Iron Deficiency: 10 Signs To Never Ignore

Iron is an essential mineral for the proper functioning of the human body because it plays a vital role in the production of hemoglobin. If your body does not get enough iron, it will cause a low level of red blood cells.

What is an iron deficiency?

Anemia is a fairly common condition that occurs when the body does not have enough iron to produce the hemoglobin needed to make red blood cells.

The disease particularly affects children and women of childbearing age (20-30%). During pregnancy, again, women are particularly affected: 50% of them would have iron deficiency anemia after their 25th week of amenorrhea.

What are the causes of iron deficiency?

The first cause is inadequate intake: vegetarian diet, dieting, malnutrition or poor diet may be the cause. It is also possible to consume iron in sufficient quantities but to absorb it badly.

Some gastric diseases, chronic diarrhea or diseases of the intestinal mucosa are examples of pathologies that reduce the absorption of iron. Similarly, some substances prevent the assimilation of iron, such as tea, for example.

Here are 11 signs of iron deficiency to never ignore:

1. Fatigue / very intense weakness

A feeling of fatigue and a very intense weakness is one of the common signs of iron deficiency and affects more than half of people with iron deficiency.

This can be explained by the fact that iron is responsible of producing hemoglobin, a protein found in red blood cells, which helps carry oxygen in the body.

When our body does not have enough hemoglobin, less oxygen gets into our muscles and tissues, which causes a lack of energy.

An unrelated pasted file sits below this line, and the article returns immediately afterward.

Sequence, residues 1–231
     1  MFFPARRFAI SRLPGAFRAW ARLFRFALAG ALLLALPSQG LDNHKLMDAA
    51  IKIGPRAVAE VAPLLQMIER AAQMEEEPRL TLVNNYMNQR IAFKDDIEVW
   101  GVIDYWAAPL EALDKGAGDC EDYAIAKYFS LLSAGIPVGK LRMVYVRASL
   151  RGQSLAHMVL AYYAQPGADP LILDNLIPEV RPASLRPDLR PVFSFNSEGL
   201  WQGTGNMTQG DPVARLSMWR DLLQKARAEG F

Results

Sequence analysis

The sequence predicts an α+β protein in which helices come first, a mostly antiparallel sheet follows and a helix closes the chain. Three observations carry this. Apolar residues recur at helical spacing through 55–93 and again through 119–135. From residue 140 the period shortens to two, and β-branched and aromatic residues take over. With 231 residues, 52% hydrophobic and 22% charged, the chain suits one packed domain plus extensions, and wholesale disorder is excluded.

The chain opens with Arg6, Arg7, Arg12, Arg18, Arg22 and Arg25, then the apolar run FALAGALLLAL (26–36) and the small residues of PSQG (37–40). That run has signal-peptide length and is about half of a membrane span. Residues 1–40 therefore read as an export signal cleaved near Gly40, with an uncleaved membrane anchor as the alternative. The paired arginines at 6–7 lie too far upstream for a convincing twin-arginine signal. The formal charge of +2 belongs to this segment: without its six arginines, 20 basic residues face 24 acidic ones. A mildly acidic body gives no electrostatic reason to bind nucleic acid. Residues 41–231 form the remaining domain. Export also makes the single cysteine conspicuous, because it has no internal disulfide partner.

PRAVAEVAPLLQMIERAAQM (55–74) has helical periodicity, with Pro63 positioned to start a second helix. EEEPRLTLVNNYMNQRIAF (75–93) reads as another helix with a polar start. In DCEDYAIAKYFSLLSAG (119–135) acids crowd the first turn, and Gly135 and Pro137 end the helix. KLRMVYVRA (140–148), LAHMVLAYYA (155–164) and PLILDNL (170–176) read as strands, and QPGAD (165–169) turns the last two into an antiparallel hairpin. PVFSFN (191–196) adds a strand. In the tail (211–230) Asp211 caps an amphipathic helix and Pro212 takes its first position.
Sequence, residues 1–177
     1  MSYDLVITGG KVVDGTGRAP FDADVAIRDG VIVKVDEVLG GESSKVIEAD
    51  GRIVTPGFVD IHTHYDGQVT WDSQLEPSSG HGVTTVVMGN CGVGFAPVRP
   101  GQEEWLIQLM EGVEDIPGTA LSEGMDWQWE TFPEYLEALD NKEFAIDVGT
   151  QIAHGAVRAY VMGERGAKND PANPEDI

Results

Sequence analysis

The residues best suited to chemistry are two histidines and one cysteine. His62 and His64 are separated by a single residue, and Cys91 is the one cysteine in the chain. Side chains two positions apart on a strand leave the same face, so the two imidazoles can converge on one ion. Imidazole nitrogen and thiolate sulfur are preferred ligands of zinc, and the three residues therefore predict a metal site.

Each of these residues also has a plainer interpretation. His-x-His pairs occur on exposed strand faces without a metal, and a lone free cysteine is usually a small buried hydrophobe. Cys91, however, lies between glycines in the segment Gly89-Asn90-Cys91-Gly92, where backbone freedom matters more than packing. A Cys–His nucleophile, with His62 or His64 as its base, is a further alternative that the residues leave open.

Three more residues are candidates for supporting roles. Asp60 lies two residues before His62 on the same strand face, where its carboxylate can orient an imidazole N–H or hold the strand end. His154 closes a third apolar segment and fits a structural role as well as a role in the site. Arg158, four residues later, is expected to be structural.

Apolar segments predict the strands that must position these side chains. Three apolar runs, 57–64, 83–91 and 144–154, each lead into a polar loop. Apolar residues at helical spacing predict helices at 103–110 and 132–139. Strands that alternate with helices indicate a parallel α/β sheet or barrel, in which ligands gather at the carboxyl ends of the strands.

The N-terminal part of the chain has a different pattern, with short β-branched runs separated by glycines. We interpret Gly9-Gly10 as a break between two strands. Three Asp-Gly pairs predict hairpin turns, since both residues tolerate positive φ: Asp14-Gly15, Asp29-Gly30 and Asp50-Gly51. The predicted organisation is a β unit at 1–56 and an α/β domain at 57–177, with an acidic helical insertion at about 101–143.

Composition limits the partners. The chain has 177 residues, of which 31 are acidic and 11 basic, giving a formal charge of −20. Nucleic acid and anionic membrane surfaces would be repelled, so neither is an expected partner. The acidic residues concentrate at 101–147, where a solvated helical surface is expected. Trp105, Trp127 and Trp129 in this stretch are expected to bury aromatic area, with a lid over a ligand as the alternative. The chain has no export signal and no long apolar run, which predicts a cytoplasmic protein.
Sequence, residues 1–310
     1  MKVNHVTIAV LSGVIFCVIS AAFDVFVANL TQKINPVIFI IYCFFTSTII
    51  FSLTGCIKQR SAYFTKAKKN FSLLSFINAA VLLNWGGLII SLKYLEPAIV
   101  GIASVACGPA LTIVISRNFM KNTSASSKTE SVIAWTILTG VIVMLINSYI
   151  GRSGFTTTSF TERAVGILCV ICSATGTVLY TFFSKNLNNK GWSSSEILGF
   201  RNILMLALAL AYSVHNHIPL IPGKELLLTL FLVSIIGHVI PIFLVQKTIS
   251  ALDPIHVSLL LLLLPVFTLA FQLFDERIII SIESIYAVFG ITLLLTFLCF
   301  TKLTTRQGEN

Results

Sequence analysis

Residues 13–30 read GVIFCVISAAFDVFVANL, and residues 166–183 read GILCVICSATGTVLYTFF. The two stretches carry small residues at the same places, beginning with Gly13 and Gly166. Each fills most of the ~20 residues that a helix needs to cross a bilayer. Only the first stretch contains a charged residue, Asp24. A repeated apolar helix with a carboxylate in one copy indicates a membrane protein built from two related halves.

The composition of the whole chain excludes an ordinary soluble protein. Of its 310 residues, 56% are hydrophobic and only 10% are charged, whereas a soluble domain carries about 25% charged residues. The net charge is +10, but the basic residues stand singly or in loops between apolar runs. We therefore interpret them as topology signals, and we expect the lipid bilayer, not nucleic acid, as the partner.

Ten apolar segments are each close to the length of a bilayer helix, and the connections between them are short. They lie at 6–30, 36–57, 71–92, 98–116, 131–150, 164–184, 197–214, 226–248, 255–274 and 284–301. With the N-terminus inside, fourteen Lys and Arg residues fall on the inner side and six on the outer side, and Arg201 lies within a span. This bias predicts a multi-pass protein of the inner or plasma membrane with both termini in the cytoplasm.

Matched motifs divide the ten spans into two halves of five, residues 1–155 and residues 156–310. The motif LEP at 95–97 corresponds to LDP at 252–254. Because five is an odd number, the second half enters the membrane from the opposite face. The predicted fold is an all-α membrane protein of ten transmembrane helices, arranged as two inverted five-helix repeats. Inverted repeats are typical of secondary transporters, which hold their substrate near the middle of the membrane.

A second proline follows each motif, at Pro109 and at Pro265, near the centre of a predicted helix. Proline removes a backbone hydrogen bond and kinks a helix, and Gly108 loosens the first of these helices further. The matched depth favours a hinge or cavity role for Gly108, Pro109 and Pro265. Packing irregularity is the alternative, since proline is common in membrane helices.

Since fatigue is considered a normal part of a busy modern life, it is difficult to diagnose iron deficiency with only this symptom. However, many people with iron deficiency will not only feel tired, but also weak and moody, and will have difficulty concentrating.

2. Headache, dizziness or lightheadedness

Headache, dizziness or lightheadedness (especially when standing) could be a sign of iron deficiency. This symptom is less common, which does not mean that it should be ignored.

In fact, the lack of hemoglobins results in a lack of oxygen supply to the brain, which can cause swelling of the cerebral blood vessels, causing tension and headaches.

There are many cases of headaches, but if you suffer from recurrent headaches and dizziness, we advise you to have your blood examined.

3. Constant breathlessness

If you notice that you are short of breath by doing normal daily activities that you have done without difficulty before, such as walking, climbing stairs or playing sports, you may have iron deficiency.

Hemoglobin is responsible for the oxygen transfer. During an iron deficiency, the amounts of hemoglobins are low and thus the oxygen levels become low as well.

This means that you must breathe more to get more oxygen even for normal activities, such as walking . It is for this reason that shortness of breath is one of the alarming symptoms.

4. You are pale

Hemoglobin is a special protein that gives your blood its red color. This explains why iron deficiency can cause the skin to lose its healthy, rosy appearance.

This pallor can appear at the level of the whole body or in specific places: the face, the gums, the inside of the lips, the lower eyelids or even the nails. This pallor is mostly considered as a symptom of severe or moderate anemia.

When you pull on your lower eyelid, the inner layer should be bright red: if it is pink or yellowish, it is possible that you have iron deficiency.

5. Swelling and pain in the mouth and tongue